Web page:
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There have been many changes in Leeds since the 1950s. An increase in prosperity has meant that much of the city centre has been refurbished, with new shops, offices and luxury living accommodation. Leeds is an exciting and vibrant city to live in, for those who can afford it. Unfortunately there are still many people who cannot take advantage of the new shops and entertainments on offer. The dreadful conditions of the Victorian era have gone, but there is still a huge difference in quality of life between the affluent suburbs and the deprived inner-city areas, and those living on the old council estates.

It was hoped that the new prosperity of the city would reach the most deprived areas, but this has not been the case. Some people are still living in Victorian back-to–back houses and as late as 1986 there were still 2,600 houses in Leeds without an inside toilet. The council houses of the 1930s are falling into disrepair, and the estates are rundown, and no longer pleasant places to live.

The Welfare State has done much to improve the lives of the poor, and the threat of the workhouse has gone, but there is still poverty and unemployment and their associated social problems. In 2001 a council report stated that ‘seven out of the city’s 33 electoral wards are in the top 10% most deprived wards in the country, as defined by the government’s index of deprivation. In these wards alone there are almost 150,000 people who are not benefiting from the city’s prosperity’.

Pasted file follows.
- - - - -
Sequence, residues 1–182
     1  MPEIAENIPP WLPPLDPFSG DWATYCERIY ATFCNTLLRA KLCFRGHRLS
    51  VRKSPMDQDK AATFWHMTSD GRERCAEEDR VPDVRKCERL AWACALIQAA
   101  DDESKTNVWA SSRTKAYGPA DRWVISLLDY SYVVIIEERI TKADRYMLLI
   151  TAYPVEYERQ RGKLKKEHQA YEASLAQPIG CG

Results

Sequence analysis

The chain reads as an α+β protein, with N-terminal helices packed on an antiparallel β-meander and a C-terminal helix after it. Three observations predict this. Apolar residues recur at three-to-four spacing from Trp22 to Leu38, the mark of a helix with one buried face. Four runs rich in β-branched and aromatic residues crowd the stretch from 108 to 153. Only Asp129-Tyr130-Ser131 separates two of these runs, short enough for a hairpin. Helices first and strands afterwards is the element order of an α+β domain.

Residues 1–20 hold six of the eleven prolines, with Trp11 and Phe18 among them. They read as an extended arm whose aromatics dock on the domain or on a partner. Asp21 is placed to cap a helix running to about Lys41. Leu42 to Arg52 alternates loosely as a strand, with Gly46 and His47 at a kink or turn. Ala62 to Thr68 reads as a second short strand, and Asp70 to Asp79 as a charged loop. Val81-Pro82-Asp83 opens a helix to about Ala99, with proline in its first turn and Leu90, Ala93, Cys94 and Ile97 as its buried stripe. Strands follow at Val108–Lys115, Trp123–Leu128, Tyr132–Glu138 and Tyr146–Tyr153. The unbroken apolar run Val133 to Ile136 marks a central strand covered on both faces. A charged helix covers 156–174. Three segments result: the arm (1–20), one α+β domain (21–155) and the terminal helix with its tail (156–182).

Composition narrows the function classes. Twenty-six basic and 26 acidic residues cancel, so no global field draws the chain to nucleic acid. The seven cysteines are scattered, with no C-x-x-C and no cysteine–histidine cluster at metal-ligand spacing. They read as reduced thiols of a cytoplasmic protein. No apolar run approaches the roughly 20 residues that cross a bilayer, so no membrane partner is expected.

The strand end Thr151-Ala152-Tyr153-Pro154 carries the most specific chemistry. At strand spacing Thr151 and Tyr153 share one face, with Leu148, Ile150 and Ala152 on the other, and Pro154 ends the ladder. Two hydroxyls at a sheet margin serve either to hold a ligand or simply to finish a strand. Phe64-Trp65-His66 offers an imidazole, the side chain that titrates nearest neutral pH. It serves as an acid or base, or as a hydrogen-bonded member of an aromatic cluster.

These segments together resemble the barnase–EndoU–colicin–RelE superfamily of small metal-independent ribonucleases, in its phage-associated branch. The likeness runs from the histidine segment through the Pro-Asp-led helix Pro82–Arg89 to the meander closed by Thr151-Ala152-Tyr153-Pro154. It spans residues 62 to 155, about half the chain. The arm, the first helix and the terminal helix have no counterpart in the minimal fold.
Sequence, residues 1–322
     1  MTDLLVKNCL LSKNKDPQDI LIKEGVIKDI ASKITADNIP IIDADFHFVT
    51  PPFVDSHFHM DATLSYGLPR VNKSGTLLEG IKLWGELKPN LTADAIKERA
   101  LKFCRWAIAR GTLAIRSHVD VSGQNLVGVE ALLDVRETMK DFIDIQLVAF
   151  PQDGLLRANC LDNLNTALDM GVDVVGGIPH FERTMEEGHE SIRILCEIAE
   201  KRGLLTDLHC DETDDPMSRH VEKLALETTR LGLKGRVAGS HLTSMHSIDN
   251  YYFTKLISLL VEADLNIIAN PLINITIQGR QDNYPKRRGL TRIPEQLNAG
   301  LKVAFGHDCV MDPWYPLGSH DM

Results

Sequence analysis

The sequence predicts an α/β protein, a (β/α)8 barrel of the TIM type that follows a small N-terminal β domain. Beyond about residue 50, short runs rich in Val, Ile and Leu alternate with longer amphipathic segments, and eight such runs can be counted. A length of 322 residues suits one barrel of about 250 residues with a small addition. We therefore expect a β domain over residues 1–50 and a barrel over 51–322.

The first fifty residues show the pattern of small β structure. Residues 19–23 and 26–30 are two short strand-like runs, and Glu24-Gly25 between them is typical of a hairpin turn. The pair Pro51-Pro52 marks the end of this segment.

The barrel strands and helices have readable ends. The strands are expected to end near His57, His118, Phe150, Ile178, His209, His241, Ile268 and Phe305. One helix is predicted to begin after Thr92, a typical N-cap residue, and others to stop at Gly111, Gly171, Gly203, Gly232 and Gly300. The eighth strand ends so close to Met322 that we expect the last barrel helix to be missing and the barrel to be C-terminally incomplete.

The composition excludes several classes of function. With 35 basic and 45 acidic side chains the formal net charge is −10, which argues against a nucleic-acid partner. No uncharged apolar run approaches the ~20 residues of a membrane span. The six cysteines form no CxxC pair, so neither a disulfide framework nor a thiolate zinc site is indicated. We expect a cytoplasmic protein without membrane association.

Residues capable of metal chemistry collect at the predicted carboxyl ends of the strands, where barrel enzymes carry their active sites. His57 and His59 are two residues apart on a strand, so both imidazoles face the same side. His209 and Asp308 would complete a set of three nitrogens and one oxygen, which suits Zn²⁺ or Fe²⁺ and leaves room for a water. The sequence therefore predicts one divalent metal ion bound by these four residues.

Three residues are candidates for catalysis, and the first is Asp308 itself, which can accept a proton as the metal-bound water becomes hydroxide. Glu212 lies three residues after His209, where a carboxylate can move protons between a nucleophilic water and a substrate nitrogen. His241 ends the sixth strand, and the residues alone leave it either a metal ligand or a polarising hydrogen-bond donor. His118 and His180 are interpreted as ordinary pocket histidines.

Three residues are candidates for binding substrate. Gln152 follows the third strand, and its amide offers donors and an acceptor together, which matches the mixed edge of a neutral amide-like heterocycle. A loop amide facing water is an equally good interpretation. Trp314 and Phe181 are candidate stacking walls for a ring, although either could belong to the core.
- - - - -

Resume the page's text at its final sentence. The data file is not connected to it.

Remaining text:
In response to this the Leeds Initiative produced the Neighbourhood Renewal Strategy, which seeks to bring increased resources to the disadvantaged neighbourhoods of the city, and close the gap between affluent and deprived areas.







Click images to enlarge
Old and new Holbeck, 1999
Old and new Holbeck, 1999
Waterfront, 1999
Waterfront, 1999
Entrance to Victoria Quarter, 1999
Entrance to Victoria Quarter, 1999
Harold Walk, 1983
Harold Walk, 1983
Harehills, 1988
Harehills, 1988




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© 2003 Leeds City Council | Site created by: LCC electronic information team | 25 March 2003